They highlight the need for more generalist approaches where the patient is seen in the context of their whole life, and that in particular people need continuity of care, co-ordination of care, and individualised care.
we’ve actually learned is that, whatever your level of cholesterol, reducing it further is beneficial.
“If we are going to prevent that half of cardiac or stroke deaths, then we’ve got to consider treating healthy people. “It can’t be done any other way.”
Well, that’s a phrase that raises my “aye, that’ll be right!” antennae – anyone who claims “there is no alternative” is pushing their personal view of the correctness of their own opinions too far! We see that with economists, politicians, and scientists. But we live in a complex world and we cannot reduce human life to such simplistic analyses and expect the predictions to work out. The claim of these latter researchers that putting all 50 year olds onto statins for the rest of their lives would “save 2000 lives a year” is pure fantasy.
Which vision appeals to you more? Individualised, holistic care, or mass medicating based on age alone?
I use a three phase cycle when teaching medical students and doctors.
Phase one is the story.
Phase two, making sense of the story.
Phase three, a therapeutic action.
All doctors have been trained to start with the patient’s story. Sounds simple, and at one level it is, but what makes it complicated is that in every story there is an author and a reader. The patient is the author, and the doctor is a reader. But neither of these roles exist in isolation and the consultation in this phase is a process of co-creation. Both the patient and the doctor bring their stories into the room and, together, they co-author a new story.
Most of these narratives are very, very short stories. Typically less than ten minutes. I remember being very struck by a study which measured how long into a consultation before the doctor first interrupts the patient’s story – 18 seconds. In such short consultations the doctor is seeking to focus and direct the story right from the outset. He or she will decide which story lines to close off, and which to open up. The goal is to quickly move on to phases two and three.
What sense can I make of this patient’s story? Another way to think of this making sense phase is to see that it is about achieving an understanding. The doctor is trying to understand the patient, and the patient is trying to understand their experience. In fact the declared aim of medical undergraduate education is to teach doctors how to make a diagnosis (diagnosis means an understanding). Sadly, the biophysical model and short consultation approach to medicine means that diagnosis is reduced to discovering the presence or absence of a lesion. It’s not about understanding a person in the context of their life, nor about understanding their “illness” in a whole of life context.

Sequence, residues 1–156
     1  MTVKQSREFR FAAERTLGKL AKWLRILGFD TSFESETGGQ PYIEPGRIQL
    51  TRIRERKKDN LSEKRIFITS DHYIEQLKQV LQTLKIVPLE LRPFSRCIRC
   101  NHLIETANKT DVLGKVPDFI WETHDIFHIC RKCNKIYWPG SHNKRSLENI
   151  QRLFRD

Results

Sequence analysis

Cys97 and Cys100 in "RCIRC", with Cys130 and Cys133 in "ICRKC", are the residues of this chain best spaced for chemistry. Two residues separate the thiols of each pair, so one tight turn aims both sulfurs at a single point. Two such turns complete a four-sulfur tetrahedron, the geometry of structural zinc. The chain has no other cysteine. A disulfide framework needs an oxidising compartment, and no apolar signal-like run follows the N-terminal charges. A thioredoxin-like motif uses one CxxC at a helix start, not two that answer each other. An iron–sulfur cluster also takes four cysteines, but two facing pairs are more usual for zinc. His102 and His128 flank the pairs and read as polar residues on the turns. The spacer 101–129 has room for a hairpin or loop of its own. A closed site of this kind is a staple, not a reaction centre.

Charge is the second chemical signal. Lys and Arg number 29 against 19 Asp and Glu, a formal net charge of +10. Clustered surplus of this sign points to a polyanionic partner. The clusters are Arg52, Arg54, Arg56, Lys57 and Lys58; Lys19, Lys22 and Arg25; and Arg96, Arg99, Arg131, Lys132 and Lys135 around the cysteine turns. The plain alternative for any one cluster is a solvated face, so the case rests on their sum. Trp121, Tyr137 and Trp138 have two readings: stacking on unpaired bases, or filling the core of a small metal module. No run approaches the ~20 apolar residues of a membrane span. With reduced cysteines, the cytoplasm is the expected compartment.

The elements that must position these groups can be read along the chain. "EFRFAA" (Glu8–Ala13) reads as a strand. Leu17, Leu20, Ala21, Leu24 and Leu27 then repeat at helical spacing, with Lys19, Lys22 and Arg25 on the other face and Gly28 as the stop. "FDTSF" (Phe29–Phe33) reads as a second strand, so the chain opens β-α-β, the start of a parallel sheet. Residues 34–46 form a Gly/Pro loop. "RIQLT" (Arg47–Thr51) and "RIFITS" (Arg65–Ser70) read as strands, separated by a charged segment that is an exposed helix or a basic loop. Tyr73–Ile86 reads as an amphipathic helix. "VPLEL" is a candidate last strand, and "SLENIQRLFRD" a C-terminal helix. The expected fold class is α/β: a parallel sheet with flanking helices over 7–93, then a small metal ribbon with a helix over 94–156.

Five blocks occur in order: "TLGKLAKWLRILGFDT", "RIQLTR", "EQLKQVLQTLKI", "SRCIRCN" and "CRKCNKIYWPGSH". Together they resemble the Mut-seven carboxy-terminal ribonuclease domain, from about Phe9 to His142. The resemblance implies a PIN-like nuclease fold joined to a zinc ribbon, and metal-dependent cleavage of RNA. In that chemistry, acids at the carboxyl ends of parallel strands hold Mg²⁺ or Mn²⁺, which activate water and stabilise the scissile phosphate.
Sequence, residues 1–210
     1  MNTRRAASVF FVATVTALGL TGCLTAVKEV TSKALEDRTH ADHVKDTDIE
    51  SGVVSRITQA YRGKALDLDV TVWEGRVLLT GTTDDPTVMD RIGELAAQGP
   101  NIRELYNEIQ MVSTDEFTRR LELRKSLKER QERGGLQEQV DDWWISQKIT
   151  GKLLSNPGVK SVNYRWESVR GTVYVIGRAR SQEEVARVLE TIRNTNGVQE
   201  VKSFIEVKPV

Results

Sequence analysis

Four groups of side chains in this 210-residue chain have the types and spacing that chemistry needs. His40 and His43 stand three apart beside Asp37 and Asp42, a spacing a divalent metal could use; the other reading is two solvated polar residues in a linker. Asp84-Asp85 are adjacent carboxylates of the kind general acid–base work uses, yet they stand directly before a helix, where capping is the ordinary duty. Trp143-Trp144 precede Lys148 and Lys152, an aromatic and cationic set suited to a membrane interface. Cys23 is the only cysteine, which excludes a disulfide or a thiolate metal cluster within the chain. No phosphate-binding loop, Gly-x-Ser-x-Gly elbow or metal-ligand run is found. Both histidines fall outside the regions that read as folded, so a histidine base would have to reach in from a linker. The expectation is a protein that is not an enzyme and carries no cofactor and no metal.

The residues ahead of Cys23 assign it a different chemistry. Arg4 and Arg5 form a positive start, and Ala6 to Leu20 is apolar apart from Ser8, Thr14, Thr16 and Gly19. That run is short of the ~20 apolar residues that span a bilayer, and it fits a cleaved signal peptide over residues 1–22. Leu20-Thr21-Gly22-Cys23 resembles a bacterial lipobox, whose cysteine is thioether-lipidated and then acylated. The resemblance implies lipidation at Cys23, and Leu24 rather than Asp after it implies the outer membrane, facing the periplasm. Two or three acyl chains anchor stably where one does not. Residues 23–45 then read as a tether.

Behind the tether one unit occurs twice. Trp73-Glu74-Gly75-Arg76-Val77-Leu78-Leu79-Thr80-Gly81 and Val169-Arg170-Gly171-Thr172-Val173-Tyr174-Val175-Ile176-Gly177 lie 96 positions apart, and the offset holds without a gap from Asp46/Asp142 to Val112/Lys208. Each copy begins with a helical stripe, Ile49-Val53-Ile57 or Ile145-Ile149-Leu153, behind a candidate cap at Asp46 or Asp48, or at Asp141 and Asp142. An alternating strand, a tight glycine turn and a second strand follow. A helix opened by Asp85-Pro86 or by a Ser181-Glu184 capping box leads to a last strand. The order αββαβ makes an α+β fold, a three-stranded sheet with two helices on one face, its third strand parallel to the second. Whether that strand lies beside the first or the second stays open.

The reduction of the understanding phase to the declaration of a clinical label which is then called a diagnosis sets the limits of the third phase – treatment.
The therapeutic interventions are intended to reduce or contain the diagnosed lesions. If no lesions are found, the intention becomes one of reducing the symptoms.
At every stage of this cycle there is a narrowing of vision, which reduces the story to a data set which will be judged as either normal or abnormal. Treatment is then either a surgical procedure or the prescription of drugs to try to alter the data.
What’s the alternative?
Broadening the focus at all stages.
Expand the story from a biophysical one to at least a biopsychosocial one and a story of a person replaces the story of a disorder.
Expand understanding from diagnosis of a lesion to understanding the emergence of an illness in the context of an individual’s life and a person can make sense of their experience.
Expand the interventions on offer beyond surgery and drugs to methods which increase vitality and resilience and a person can experience greater health.
Recommended reading –
Read Arthur Frank’s The Wounded Healer, Kleinman’s Illness Narratives or Cassell’s The Healer’s Art, to better understand the importance of narrative in the shift from biophysical to biopsychosocial.
Read Balint’s The Doctor, the patient and his Illness, Leader and Corfield’s Why do People Get Ill? Or Broom’s Meaning-full Disease to better understand the shift from a disease to an illness agenda.
Read Dan Siegel’s Mindsight, Doc Childre’s The Heartmath Solution or David Servan-Schreiber’s Healing without Freud or Prozac to understand the potential for interventions which don’t involve surgery or drugs.